When my father, also Angus Martin, left his job at ‘The Pit’ I would have been four or five years old and I remember nothing about his life as a mining engineer. I do remember being in the playground of the Infant or ‘Wee’ Grammar and, seeing him appear at the entrance gate, running over to speak to him. I would have been five or six then, so that would have been 1957 or ’58. He was on his way to sign on at the ‘Buroo’, or Labour Exchange. I remember being told later that his work at the coal mine was affecting his health because he was frequently up to his waist in water.
Some time after leaving Argyll Colliery, he found a job as engineer on board an inshore cargo boat, the Halcyon. That, too, I suspect, was something of a trial to him, because, with his being at sea, he largely missed my and my sister Carol’s childhood. Yet, he had been a fisherman from the age of 14 aboard his father Duncan’s skiff, the Fame, and the sea was ‘in his blood’, as the saying goes. He was 29 when the Second World War broke out and he served in the Navy throughout that war, as an engineer. Again, the sea.
I belong to an acquisitive family and have kept that tradition going with a vengeance. Not only do I keep my own memorabilia, but I take others’ too and I naturally held on to all the documents, photographs and books which had been in my father’s possession. Some of these relate to his years at Argyll Colliery and include a few photographs and a big notebook connected with his training as a mining engineer in Sheffield.
There is one piece of oral tradition which lodges in my memory in connection with his time in Sheffield. His landlady there cooked a particular meal, the simple recipe of which my father brought home and passed on to my sister Carol and me. It consists of onions sliced into a frying-pan and fried in fat, with water added and then layers of sliced potatoes, with several squares of sliced sausage placed on the top. He called it ‘Brand Mash’, after his landlady’s surname, and I still occasionally make it, and enjoy it, but without the meat.
The big ledger-type, hard-backed book is full of notes and hand-drawn diagrams from his course in Sheffield. He seems, from the evidence of the book, to have been a conscientious student. The first page contains a drawing and specifications of ‘The Micrometer’, followed by ‘Common Tools’. The six pages of notes and sketches of tools were signed off by a lecturer, with the date ’10/6/49′, which is the only date I can find in the book. There follow sections on drills, taps and dies, lubricants, the properties of steel, blueprints, lock devices, keys, soldering, white metal bearings, gears, lathes, screw-cutting, pumps, ratchet assembly, ‘Strand Conveyors’, ‘Scraper Chain Conveyors’, welding methods, and much else.
I’d wonder from time to time why I continued to keep the notebook, and the answer always was that I couldn’t bring myself to throw it away because it had belonged to my father and he had put so much time and effort into filling it. Now it has acquired a broader value, however modest, as a relic of local mining history.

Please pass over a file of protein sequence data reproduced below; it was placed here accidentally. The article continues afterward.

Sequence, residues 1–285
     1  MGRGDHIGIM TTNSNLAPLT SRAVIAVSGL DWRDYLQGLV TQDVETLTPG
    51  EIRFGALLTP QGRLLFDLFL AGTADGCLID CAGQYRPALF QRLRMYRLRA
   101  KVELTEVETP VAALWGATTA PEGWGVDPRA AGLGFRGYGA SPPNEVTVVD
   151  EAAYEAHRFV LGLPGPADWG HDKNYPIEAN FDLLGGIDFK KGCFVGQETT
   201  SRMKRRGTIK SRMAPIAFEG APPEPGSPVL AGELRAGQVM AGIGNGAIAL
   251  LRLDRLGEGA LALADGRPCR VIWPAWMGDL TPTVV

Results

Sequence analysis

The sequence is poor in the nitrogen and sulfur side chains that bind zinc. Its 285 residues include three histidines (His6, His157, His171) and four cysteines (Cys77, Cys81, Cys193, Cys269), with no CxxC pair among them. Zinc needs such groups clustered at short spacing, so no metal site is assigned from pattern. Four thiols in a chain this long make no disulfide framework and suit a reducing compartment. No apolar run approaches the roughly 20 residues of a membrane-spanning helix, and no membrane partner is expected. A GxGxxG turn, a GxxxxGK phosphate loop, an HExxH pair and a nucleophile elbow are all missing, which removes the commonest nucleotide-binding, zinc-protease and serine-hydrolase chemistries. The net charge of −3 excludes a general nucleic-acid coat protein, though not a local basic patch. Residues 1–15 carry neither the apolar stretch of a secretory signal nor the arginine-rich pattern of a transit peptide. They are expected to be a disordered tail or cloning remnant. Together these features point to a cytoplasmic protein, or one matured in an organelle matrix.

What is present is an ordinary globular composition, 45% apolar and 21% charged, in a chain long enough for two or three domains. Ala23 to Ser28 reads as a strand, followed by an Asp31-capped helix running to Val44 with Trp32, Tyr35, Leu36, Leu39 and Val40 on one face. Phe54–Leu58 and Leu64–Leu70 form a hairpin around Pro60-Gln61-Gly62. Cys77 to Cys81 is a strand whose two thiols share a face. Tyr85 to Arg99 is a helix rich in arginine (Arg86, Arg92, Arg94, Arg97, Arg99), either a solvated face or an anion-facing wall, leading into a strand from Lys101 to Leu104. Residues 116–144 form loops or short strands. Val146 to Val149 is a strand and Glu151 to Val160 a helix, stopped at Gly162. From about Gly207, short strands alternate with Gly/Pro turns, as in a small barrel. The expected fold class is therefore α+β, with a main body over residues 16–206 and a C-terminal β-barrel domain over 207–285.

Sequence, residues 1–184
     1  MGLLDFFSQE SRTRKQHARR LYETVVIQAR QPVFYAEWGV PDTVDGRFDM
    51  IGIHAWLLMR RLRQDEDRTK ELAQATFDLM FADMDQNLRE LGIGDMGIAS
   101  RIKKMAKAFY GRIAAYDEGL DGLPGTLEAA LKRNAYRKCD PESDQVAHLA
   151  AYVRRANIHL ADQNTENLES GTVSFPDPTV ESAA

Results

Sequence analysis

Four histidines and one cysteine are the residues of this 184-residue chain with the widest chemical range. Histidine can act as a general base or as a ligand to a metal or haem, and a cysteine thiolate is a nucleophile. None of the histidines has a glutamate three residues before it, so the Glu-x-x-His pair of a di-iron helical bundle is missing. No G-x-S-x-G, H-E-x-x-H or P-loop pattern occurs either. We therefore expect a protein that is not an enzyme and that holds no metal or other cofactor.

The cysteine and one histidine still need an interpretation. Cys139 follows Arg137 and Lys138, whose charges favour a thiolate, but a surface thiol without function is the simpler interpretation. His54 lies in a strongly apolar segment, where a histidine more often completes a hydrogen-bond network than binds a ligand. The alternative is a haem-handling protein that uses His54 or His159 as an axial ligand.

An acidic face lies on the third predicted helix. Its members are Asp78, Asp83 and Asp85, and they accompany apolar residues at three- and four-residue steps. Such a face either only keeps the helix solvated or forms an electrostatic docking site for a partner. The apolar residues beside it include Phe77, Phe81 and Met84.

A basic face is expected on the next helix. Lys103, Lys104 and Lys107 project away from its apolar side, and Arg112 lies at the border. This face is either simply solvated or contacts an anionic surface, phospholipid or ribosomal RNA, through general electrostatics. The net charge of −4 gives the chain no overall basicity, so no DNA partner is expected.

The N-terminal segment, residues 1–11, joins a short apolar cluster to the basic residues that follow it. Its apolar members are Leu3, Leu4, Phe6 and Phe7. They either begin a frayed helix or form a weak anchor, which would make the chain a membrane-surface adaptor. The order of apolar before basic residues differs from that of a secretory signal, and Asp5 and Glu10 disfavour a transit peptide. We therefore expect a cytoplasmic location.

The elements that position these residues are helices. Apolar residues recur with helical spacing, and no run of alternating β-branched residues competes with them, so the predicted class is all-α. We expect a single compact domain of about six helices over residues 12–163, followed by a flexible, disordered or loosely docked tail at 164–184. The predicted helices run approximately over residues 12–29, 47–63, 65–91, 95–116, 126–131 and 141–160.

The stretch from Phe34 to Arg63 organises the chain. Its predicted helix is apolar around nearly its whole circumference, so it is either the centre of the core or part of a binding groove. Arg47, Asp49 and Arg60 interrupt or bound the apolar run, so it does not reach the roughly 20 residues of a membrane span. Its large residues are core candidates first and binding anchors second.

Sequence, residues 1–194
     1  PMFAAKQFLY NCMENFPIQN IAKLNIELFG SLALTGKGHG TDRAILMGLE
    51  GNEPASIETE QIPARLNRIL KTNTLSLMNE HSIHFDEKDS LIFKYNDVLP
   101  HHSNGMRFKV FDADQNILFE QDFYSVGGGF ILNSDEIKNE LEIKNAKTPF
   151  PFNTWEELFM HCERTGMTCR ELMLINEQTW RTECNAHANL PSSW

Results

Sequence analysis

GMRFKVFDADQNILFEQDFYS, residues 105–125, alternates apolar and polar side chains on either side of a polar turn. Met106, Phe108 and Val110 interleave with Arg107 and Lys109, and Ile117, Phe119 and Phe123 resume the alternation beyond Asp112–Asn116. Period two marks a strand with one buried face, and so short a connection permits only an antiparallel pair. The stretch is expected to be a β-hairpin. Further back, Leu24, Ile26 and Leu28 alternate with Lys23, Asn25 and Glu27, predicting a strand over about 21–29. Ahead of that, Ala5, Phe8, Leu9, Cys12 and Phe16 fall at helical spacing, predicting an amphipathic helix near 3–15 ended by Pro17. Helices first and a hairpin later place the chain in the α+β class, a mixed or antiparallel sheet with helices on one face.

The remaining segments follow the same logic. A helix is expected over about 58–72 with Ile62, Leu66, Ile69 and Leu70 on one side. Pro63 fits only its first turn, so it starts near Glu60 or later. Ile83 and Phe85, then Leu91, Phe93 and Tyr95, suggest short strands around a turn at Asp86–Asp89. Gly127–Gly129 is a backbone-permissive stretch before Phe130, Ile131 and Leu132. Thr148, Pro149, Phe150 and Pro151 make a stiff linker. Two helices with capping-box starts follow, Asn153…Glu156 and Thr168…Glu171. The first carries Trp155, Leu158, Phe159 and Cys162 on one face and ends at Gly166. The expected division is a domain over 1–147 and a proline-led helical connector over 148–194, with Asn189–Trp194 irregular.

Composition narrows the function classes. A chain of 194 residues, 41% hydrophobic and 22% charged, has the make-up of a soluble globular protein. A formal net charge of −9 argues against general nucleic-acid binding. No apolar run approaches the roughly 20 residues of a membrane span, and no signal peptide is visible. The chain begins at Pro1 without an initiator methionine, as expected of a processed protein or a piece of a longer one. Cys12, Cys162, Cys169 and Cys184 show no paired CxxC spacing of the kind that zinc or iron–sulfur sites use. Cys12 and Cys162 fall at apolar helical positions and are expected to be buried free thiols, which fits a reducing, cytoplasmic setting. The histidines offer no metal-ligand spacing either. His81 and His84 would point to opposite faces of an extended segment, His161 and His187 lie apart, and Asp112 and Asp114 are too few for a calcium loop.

Angus Martin ©
From the Campbeltown Courier, 21/7/1966
SKIPPER WILLIE DOESN’T MIND RETIRING
Captain William McMillan, one of the grand old ‘salts’ of the Clyde, sailed his puffer [actually a converted Thames barge] into Campbeltown Loch for the last time at the week-end.
After 51 years carrying cargoes to and from Campbeltown and other Clyde ports, Captain McMillan is to become a landlubber at the age of 65.
His last trip as skipper and owner of the Halcyon started yesterday, when he sailed from Irvine with a general cargo for Port Askaig, Islay.
Captain McMillan will retire officially on Monday, when his boat will be sold at Troon to a Glasgow shipping company.
The vessel was managed by the Irvine Shipping and Trading Company, which is arranging alternative employment for her three-man crew.
Captain McMillan, who has skippered his own vessel for 36 years, has carried cargoes of all kinds to Clyde ports and ‘up north’, though in recent years his principal dealings in Campbeltown have been with D. McNair and Son, the coal merchants.
A native of Bute, Captain McMillan was born in Kilchattan. He took to the sea on leaving school at the age of 14, going on board the smack Cottage Girl, which was owned and skippered by his father, Captain Daniel McMillan.
Later they bought their first power-driven vessel, the Duchess. Captain McMillan remembers: ‘The last tiles to be made in Bute were carried by us from Kilchattan Bay to Campbeltown. That was in 1919.
He also remembers a time – before Argyll Colliery was opened – when they had to make ten successive trips to Campbeltown at top speed with coal to keep the town’s industries running.
In 1920, his father purchased the 75-ton Vineyard and ten years later replaced her with the Norman (105 tons). Shortly afterwards, his father retired to Rothesay and Captain McMillan took over as skipper and owner.
In earlier days they had sailed only on the West Coast but Captain McMillan decided to expand. In recent years he was trading to the Outer Hebrides, Northern Ireland and the Isle of Man with cargoes such as timber, limestone and even explosives.
He acquired the 130-ton Halcyon in London in 1945.
Captain McMillan married a local girl, Mary Mitchell, and moved to Campbeltown in 1939. His home is at Rosebank, High Askomel.
The couple have one son, William (27), but he is not following in the seafaring tradition of the McMillan family. A chartered accountant, William is at present studying for the ministry at Trinity College and Glasgow University.
Captain McMillan is not going to grieve for the sea. He says: ‘I have had a good shot at it. Now I am going to enjoy my retirement and make up to my wife for all the lonely hours she has spent.’